Lent Reflection: Revd Gareth Rayner-Williams
Many around our community are being inspired by our Lent course, Opening our Lives, based on the book of the same title by the Revd Dr Trystan Owain Hughes. Revd Gareth Rayner-Williams joins us to share how this week’s theme of ‘Opening our Ears to your Call’ has impacted his view of vocation:
For about five years I was Vice Principal of a theological college in Cardiff, living alongside those who felt called to the ordained ministry. Time and again, I was struck by the number of students who said that their vocation was not something they had ‘found’ but something that had ‘found them’.
Trystan’s reflections for this week help us to see this, beginning with his reminder on Sunday that the Lord ‘found’ Jeremiah in his mother’s womb and later called him whilst he was still a youth (Jeremiah 1:4-10). Jeremiah did not have to chase after God; God finds him, in utero.
Sadly, we will have all met individuals who have spent years desperately chasing after a vocation in an almost obsessive need to ‘wear a collar’; it often ends badly. I’ve always been moved more by those who speak of calling in terms of Jesus approaching them, often surprisingly, much as he approached those early fishermen as they minded their nets - and presumably, their own business - by the side of the sea in Galilee (Matthew 4: 18-22).
Vocation, notes Trystan, begins in silence and in the action of simple waiting. It’s a waiting beautifully captured in that Hebrew term used in the call of Isaiah, ‘hineni’, ‘here I am’(Isaiah 6.8). We see the same patient attitude in Jesus’ call of Nathaniel whom Jesus spots as he sits in silence under the fig tree (John 1:43-51). Like a scene worthy of Attenborough, Jesus sizes up Nathaniel’s measure and instantly homes in on him. Nathaniel seems intuitively to know that the only thing to do is to be still as the Lord approaches and calls him.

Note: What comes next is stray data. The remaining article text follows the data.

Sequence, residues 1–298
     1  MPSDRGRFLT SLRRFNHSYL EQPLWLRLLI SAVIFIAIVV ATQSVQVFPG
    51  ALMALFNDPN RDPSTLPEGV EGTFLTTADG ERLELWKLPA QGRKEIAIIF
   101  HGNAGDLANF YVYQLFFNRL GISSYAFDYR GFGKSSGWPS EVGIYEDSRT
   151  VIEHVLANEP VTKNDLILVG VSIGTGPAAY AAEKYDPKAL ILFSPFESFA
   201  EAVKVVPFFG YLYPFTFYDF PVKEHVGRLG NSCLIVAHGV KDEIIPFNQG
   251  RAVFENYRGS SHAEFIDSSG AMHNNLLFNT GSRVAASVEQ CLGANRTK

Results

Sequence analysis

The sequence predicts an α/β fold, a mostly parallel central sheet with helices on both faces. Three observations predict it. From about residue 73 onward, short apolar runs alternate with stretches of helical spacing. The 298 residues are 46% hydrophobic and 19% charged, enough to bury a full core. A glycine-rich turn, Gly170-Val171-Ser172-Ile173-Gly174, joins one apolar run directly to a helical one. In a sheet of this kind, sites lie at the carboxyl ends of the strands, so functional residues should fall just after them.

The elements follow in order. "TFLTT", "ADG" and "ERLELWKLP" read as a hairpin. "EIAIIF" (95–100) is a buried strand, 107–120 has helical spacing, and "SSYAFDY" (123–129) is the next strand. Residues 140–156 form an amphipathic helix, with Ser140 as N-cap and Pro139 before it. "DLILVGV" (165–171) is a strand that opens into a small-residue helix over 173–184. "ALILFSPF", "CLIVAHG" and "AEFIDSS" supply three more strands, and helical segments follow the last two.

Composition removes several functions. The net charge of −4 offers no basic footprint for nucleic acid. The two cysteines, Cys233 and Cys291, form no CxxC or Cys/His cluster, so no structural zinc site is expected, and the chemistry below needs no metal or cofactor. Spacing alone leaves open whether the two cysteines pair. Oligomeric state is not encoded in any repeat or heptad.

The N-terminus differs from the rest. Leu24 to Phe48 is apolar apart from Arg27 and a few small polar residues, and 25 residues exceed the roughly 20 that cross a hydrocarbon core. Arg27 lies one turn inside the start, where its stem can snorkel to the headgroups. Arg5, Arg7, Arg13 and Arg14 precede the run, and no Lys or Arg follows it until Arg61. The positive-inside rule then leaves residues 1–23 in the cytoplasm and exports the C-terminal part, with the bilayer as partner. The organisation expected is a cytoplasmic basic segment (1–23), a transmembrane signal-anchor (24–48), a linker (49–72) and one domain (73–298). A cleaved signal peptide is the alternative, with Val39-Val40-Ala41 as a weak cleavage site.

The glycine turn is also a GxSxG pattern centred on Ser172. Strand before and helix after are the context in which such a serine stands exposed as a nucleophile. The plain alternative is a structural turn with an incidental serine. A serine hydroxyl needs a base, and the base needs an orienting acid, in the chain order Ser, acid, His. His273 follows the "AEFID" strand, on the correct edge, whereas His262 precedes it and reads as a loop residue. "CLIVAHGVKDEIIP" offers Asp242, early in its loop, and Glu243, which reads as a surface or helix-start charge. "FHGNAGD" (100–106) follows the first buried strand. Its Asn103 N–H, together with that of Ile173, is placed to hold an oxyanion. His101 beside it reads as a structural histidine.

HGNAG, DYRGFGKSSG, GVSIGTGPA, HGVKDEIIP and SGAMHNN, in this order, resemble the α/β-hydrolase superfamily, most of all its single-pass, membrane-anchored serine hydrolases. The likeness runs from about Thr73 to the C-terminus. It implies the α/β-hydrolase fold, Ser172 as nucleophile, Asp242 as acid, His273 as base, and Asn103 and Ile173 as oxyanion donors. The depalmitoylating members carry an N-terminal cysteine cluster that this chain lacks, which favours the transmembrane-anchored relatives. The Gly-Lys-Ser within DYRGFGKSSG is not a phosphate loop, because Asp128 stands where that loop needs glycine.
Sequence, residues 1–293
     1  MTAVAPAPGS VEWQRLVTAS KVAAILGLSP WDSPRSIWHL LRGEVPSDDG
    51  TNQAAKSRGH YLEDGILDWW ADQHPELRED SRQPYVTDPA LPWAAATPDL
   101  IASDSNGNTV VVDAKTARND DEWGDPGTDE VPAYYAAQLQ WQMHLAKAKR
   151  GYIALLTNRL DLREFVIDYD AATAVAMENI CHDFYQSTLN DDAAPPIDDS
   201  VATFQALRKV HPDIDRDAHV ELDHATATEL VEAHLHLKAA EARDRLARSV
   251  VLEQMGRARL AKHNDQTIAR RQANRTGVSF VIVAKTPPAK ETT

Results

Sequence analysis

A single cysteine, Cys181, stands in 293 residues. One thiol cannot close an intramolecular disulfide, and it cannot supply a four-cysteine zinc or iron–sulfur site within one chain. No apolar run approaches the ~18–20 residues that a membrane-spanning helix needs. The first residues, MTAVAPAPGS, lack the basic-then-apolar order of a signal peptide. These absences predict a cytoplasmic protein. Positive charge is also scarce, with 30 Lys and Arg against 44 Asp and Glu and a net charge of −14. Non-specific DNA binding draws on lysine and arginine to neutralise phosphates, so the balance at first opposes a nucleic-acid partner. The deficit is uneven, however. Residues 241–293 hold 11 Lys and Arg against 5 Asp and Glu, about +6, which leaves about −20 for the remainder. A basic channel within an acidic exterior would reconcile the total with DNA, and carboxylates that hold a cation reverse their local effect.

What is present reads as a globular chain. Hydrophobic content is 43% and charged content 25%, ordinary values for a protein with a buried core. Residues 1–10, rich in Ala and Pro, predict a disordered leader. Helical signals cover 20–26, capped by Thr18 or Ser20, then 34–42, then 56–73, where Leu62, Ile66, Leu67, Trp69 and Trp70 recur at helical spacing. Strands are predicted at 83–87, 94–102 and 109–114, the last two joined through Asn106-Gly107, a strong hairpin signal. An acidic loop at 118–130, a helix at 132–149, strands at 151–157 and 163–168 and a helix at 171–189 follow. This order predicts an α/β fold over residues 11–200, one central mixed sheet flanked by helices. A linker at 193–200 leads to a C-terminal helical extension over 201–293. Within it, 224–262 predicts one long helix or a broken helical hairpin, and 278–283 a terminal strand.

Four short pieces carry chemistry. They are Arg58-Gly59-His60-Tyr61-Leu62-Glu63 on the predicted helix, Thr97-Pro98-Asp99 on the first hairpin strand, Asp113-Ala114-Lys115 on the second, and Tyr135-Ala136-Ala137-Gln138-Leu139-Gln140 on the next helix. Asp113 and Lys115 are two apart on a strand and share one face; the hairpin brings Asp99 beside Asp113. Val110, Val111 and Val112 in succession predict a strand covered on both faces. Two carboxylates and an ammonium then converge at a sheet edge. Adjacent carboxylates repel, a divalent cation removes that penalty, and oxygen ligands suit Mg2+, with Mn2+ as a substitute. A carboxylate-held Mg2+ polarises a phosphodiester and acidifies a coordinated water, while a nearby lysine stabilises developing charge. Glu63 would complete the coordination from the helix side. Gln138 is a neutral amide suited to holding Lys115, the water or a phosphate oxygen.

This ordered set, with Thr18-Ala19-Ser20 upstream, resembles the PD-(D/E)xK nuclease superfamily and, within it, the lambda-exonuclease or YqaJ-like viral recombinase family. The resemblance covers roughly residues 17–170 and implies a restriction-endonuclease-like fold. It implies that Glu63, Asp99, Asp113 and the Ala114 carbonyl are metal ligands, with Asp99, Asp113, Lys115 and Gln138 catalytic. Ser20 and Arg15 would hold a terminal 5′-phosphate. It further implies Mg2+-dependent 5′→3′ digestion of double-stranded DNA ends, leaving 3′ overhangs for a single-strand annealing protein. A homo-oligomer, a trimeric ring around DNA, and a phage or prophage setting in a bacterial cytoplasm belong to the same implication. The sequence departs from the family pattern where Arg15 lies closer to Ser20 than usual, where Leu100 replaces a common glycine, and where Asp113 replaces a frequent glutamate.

And so with us also, suggests Trystan: silence and stillness is all we require if we are to seek God and discover all that we are called to be. He reminds us that the outcome of this waiting will be different for each one of us, because vocation is about the unique ways in which God is homing in on us.
I have to admit that my understanding of vocation was radically shaped by listening to a YouTube recording of an old talk given by Thomas Merton to his novices in the Abbey of Gethsemane. Merton speaks to them of the mistake we often make in seeing vocation in terms of fate. It’s tempting, he says, to imagine that all it takes to find one’s vocation is to break into God’s heavenly filing cabinet, locate the file with our name on it, and then discover his pre-written plan for us. “But there is no filing cabinet, there is no key and there are no files”, Merton tells the monks, because “vocation is about working out with God, in freedom, how best to love”.
Trystan’s reflections for this week helped me to see this clearly, that vocation is not a once-in-a-lifetime discovery but rather a life-long conversation with God through which we encounter the joy that comes from finding the many places from where we too can love best.
Revd Gareth Rayner-Williams: School Priest and Senior Teacher St Teilo’s Church in Wales High School and previously Vice Principal of St. Michael’s College Llandaff.